If you have a site where users are able to have data associated with them, you probably have a login form. You may ask users to enter their email address, or a username for your site, or even an OpenID url. If they enter the correct information, they are granted access to otherwise protected areas of the site. But, if they don't enter correct information for some reason, they get presented with an error message and have to try again. There are two major hurdles to login form design that I am going to address.
When a user's login attempt fails, it's a pretty standard practice to unset their username and password and force them to re-enter them both. This is a bad design pattern. Users should not be forced to remember and reenter their username. Consider this workflow:
If the site left the username in the field, the user would not have to remember which username they tried to use, and could focus on typing the password correctly. By leaving the username in the form, you can eliminate a point of confusion for the user, and ultimately help users use your site.
In one off his AlertBox columns, Jakob Nielsen takes the radical position that
Usability suffers when users type in passwords and the only feedback they get is a row of bullets. Typically, masking passwords doesn't even increase security, but it does cost you business due to login failures. -- Jakob Nielsen, June 23, 2009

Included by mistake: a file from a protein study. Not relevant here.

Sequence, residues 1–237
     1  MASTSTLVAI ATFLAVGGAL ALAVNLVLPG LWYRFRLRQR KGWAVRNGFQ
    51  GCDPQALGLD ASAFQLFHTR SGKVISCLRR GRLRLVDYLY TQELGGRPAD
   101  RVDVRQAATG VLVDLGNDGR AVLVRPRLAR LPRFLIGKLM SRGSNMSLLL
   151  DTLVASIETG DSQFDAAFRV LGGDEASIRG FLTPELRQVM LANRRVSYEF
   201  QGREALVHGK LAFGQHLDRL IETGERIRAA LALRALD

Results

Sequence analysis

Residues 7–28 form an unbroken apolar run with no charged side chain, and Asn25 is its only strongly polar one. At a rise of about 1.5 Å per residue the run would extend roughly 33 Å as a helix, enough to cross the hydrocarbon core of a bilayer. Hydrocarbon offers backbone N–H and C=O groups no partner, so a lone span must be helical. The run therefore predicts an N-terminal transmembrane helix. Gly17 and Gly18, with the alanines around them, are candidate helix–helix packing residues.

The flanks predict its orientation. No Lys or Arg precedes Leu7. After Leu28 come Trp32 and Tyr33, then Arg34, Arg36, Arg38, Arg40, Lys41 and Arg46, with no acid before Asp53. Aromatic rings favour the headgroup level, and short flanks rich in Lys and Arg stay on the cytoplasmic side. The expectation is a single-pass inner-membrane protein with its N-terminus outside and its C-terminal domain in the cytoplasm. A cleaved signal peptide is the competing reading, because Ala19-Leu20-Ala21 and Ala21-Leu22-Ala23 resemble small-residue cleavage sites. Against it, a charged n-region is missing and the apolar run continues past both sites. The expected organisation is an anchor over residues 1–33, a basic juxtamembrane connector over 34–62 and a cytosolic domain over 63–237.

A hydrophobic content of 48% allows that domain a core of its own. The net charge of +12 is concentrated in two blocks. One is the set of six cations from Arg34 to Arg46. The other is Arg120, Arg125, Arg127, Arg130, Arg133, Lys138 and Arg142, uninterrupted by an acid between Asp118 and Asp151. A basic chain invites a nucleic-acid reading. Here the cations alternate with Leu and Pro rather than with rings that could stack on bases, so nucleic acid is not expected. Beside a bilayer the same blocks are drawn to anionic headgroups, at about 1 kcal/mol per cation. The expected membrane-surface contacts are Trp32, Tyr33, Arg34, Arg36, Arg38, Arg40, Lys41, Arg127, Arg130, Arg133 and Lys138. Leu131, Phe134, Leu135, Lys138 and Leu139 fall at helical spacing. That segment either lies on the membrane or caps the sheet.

Personally, I don't agree with him 100%, but since he's the world's foremost expert in usability there must be something to his claim. Security considerations aside, masking passwords does hurt usability. (Masking passwords means displaying bullets instead of letters and numbers -- '••••••••' instead of 'password') Why? It's because it forces your users to think about typing their password correctly, and thinking is bad for usability.
It doesn't matter how many times I have to click, as long as each click is a mindless, unambiguous choice -- Krug's second law of usability
I don't think that password masking is going away anytime soon, nor should it. It is still a security concern if someone can stand behind you and learn your login information. People routinely store all their life's information in their email inbox, so if their email account was compromised by a nefarious individual... well it would be bad.
Neilsen goes on to say,
"users are sometimes truly at risk of having
bystanders spy on their passwords, such as when they're using an Internet cafe.
It's therefore worth offering them a checkbox to have their passwords masked".
This is a Good Idea, and offers a sufficient compromise between security and
So, for optimal login form usability,